I received an advance reader copy of this book. I give it three stars.
After a tragic incident with a Ouija board, Callie was sent to live with her aunt in New Jersey. Now, six years later, she’s back home with her mother, grandmother and friends. Callie is a witch who has yet to grow into her full powers, but it’s predicted that when she does, she’ll be a force to be reckoned with. For that reason, her father, a power-hungry coven leader who has been estranged from her for her entire life, wants to control her. Her mother and grandmother are determined to prevent this.
Then, Callie meets a boy, a handsome, enigmatic boy, who stirs unaccustomed feelings in her. She senses that there is something unusual about him, and is reluctant to tell him that she’s a witch. Of course, when she learns that he’s an Immortal, a race of beings who live forever, and who are forever battling other Immortals to gain their power, she’s stricken. But, when her father and his minions decide to move on her, she finds that, despite the belief that witches and Immortals are like fire and water—they don’t mix—she must turn to Thomas for help.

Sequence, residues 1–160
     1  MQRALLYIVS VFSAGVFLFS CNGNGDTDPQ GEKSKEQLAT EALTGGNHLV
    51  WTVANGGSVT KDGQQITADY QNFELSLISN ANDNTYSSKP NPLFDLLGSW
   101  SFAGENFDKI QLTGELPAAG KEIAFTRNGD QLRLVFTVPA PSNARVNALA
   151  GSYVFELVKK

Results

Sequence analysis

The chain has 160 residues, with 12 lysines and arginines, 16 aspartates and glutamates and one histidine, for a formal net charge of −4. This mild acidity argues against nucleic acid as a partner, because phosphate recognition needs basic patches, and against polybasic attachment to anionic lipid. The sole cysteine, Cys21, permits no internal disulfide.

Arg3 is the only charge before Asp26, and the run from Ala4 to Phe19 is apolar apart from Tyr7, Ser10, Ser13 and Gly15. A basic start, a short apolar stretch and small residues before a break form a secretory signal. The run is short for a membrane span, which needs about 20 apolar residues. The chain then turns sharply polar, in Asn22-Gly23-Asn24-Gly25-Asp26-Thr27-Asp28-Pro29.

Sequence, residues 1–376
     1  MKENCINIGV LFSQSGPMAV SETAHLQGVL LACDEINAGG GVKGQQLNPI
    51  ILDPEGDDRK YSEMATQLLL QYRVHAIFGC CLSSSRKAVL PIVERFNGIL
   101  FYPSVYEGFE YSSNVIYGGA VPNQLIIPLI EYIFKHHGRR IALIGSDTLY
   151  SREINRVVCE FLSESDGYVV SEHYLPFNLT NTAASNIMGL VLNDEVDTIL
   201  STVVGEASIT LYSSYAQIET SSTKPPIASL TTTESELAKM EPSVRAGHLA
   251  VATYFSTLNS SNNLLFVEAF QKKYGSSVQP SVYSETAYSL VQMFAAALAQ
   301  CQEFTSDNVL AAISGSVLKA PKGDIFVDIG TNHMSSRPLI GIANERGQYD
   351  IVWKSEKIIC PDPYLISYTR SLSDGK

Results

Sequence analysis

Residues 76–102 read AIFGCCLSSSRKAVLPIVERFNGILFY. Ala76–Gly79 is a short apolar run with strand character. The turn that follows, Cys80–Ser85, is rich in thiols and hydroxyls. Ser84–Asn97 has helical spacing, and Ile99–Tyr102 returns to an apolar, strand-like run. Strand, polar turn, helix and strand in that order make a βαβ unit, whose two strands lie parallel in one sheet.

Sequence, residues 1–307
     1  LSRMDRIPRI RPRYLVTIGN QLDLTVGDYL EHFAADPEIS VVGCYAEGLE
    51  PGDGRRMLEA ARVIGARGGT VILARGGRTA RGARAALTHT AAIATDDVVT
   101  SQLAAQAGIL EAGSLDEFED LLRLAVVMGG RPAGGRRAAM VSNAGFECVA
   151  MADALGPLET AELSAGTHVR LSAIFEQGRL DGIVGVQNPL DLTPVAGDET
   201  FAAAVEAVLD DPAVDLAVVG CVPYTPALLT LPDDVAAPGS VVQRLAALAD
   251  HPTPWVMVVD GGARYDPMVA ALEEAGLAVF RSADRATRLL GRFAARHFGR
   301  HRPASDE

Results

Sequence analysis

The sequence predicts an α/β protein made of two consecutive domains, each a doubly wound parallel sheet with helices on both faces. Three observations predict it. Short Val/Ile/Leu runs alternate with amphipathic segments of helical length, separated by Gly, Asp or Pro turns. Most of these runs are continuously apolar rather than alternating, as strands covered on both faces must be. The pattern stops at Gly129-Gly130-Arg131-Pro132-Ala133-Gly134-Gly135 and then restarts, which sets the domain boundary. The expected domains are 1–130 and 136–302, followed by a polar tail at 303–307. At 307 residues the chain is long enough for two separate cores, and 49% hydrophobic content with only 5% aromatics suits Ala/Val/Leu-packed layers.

Charmed and Dangerous by Debbie Herbert is a fanciful paranormal coming-of-age novel with intrigue, epic battles, and romance, and while it might have been originally written for a young adult audience, anyone can enjoy it.
I received an advanced reader copy of this book.
I give it four stars.
Swift is tired. Having just evicted many Strange back through the great Rift to where they belong and forestalled an invasion of bad elves, she really wants to take a break. But, Strangetown is changing, and not in a good way. The town is being overtaken by jungle growth, and is threatened by an invasion of Normal military and other officials. Worse, her mother, the Queen of the Witches, wants her to put things right, and Levick, the chief Justice and her boss, wants her to find the evil witch, Blue, who has been randomly killing both Strange and Normal.
Shift: Strangetown Magic Book 2 by Al K. Line is another exciting adventure as Swift, her sister and her weird friends face off against a world of plants gone mad, Normals who think they can tackle an ogre, and a mad witch who has someone pulling her strings. Dialogue is pithy, and the situations Swift finds herself in are just as wild as they were in Book 1. Magic and mayhem abound in this romp through a land that only the fevered mind of this author could create.
Hard to put down, and as satisfying as a Long Island Ice Tea on a sweltering day, you’ll enjoy this book. If you don’t, Mack the ogre might just pay you a visit.
I received an advanced reader copy of this book. I give it four stars.